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Achilles Tendinitis


Achilles Tendinitis, one of the more common and difficult injuries to treat in athletes, involves inflammation, degeneration or rupture of the Achilles tendon. The Achilles tendon is located at the back of the heel and inserts into the rear portion of the heel bone. It is surrounded by a vascular sheath which provides the tendon fibers with its blood supply.


The symptoms of this injury tend to come in stages or degrees of severity.

Stage 1 The athlete will experience a burning or prickly pain in the achilles tendon about 1 to 3 inches above the heel bone. This is the result of inflammation of the vascular sheath and may be due to shoe counter irritation.

Stage 2 The Achilles tendon actually begins to deteriorate (tendinosis) and the pain becomes a shooting or piercing sensation which occurs during activity, especially when changing direction or running uphill.

Stage 3 The collagen protein fibers in the Achilles tendon weaken to a point that the tendon will snap or rupture and there will be a great deal of swelling.

The main cause of tendon damage is sudden overstretching of tendon fibers. The Achilles tendon must be properly preconditioned to withstand sudden stretches and the strain of body weight during activity. If a chronic tendinosis is ignored and the tendon ruptures, the cells that repair the tendon (tenocytes) cannot work quickly enough to heal the damage done by the overenthusiastic athlete.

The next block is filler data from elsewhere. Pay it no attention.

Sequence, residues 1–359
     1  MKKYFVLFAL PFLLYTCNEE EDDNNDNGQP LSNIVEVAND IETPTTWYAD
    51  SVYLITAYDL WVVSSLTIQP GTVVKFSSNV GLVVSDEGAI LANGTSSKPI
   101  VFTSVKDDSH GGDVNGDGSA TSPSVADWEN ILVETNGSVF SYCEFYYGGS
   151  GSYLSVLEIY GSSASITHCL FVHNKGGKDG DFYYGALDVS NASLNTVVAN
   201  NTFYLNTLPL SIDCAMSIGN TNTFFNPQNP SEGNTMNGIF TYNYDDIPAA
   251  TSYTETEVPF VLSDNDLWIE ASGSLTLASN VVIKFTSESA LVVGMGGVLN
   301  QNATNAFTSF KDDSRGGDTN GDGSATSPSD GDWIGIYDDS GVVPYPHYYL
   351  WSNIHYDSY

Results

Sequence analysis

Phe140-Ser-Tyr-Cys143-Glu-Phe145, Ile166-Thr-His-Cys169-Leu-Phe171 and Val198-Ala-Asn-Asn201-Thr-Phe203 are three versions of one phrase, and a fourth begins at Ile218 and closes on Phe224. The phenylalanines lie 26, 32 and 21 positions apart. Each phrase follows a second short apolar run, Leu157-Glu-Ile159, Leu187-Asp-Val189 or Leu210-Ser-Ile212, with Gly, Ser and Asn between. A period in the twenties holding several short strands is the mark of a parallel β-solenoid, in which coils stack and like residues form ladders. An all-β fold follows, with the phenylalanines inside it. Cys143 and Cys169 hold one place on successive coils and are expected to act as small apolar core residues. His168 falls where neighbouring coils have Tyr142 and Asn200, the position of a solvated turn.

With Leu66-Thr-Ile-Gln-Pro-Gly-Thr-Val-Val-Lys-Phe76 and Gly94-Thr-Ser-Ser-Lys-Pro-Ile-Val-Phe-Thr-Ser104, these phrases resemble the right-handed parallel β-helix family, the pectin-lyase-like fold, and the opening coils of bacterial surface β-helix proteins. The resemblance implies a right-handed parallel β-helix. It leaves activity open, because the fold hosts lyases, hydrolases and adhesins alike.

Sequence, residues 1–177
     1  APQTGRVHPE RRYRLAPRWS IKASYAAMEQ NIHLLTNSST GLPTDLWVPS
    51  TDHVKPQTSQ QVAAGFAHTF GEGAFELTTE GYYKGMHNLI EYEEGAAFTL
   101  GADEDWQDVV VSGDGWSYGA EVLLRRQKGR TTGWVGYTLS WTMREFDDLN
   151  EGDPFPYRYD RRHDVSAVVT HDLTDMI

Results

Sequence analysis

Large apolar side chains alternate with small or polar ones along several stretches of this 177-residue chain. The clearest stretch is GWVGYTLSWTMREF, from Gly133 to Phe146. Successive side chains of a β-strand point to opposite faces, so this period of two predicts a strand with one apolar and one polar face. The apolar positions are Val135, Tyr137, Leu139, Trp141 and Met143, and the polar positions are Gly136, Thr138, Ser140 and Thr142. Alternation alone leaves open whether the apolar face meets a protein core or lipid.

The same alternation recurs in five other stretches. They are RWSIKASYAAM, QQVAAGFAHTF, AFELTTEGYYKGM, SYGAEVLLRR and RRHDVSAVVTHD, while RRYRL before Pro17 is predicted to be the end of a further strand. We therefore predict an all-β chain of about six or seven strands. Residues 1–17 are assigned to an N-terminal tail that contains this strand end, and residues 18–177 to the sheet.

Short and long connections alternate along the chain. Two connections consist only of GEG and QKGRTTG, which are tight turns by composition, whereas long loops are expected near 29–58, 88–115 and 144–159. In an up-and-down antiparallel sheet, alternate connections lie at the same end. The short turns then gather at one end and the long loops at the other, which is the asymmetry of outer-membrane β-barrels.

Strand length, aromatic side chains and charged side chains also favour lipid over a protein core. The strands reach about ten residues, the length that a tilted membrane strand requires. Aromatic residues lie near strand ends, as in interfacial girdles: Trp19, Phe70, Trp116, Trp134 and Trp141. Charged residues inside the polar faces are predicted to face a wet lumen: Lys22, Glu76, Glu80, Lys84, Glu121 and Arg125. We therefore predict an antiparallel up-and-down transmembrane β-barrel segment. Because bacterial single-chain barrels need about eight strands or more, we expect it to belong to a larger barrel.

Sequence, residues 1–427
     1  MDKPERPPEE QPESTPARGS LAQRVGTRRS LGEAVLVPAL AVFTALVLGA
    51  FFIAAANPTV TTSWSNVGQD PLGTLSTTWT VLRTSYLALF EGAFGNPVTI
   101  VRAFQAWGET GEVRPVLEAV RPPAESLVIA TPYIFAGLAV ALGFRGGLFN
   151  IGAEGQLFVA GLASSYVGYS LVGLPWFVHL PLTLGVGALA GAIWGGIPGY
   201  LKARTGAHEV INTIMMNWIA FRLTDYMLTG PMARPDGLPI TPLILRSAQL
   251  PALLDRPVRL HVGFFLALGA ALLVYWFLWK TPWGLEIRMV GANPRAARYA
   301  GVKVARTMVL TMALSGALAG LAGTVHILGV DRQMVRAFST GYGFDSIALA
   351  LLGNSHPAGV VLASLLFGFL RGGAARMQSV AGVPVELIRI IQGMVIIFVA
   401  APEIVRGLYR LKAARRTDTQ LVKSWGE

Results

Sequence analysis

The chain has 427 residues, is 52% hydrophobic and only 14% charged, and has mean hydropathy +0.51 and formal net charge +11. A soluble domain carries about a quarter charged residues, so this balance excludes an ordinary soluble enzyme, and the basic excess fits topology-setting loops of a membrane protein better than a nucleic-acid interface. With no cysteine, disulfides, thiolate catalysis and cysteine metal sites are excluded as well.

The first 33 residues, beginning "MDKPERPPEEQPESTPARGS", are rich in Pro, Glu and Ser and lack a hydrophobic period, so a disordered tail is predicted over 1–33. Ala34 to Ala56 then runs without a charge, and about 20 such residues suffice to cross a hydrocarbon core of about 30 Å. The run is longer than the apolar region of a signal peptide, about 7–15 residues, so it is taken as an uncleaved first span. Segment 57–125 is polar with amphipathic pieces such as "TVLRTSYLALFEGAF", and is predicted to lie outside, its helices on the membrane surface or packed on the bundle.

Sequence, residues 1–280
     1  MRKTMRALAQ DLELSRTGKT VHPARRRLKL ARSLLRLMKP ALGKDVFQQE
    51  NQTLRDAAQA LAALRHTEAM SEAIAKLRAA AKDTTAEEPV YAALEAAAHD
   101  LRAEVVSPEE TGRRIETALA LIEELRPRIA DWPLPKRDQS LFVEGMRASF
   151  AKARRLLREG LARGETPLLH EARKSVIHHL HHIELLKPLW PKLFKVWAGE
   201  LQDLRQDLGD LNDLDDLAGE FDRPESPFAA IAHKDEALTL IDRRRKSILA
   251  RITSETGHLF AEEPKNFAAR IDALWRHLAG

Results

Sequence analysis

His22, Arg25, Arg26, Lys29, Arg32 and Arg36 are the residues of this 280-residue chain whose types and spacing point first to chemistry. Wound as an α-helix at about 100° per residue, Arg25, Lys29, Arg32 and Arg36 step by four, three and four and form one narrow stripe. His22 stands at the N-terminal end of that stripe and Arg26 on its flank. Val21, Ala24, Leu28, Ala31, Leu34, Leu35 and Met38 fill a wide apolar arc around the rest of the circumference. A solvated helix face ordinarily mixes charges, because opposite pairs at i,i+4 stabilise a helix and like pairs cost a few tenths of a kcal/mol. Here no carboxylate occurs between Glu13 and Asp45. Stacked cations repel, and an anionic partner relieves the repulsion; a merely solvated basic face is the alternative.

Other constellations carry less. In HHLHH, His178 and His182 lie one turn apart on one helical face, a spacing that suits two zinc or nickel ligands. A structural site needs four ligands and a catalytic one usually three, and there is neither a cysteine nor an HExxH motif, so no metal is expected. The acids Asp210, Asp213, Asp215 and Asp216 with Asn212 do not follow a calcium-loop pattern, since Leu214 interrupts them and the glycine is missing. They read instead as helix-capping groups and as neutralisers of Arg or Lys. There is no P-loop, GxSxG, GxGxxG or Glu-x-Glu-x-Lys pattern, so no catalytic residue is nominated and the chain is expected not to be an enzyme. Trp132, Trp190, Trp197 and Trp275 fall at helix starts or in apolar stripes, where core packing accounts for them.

Causes of Injury

The positioning of the tendon in the calf makes it susceptible to running injuries.

  • Overpronation strains the coleus tendon.
  • Oversupination or high arches strains the gastrocnemius fibers in the calf muscle. Both cause injury high up in the Achilles tendon.
  • Constant rubbing of the back of the shoe against the tendon.
  • Improper shoe selection.
  • Improper warm-up.
  • Direct trauma.
  • A sudden dramatic increase in activity or intensity of activity.
  • Heel bone deformity.
  • A high-mileage, long-term running program that does not incorporate enough rest.

Short Term Treatment

  • Decrease mileage and intensity for 7 to 10 days; never run through pain.
  • Avoid hills during recovery.
  • Ice treatment after running.
  • Flexibility program concentrating on the soleus and gastrocnemius, including stretching and heel lifts.
  • Asprin or ibuprofen, never acetomenophen, to reduce inflammation.
  • Orthotic devices or proper shoe selection.
  • If the injury persists for more than two weeks it is recommended that the athlete see a physician.

Long Term Treatment

  • Continuous flexibility program.
  • Orthotic devices.
  • Professional treatment by a physician may be required.

For overall prevention of injury, all athletes should be aware of shoe deterioration and purchase shoes designed to correct any stride problems such as overpronation or oversupination.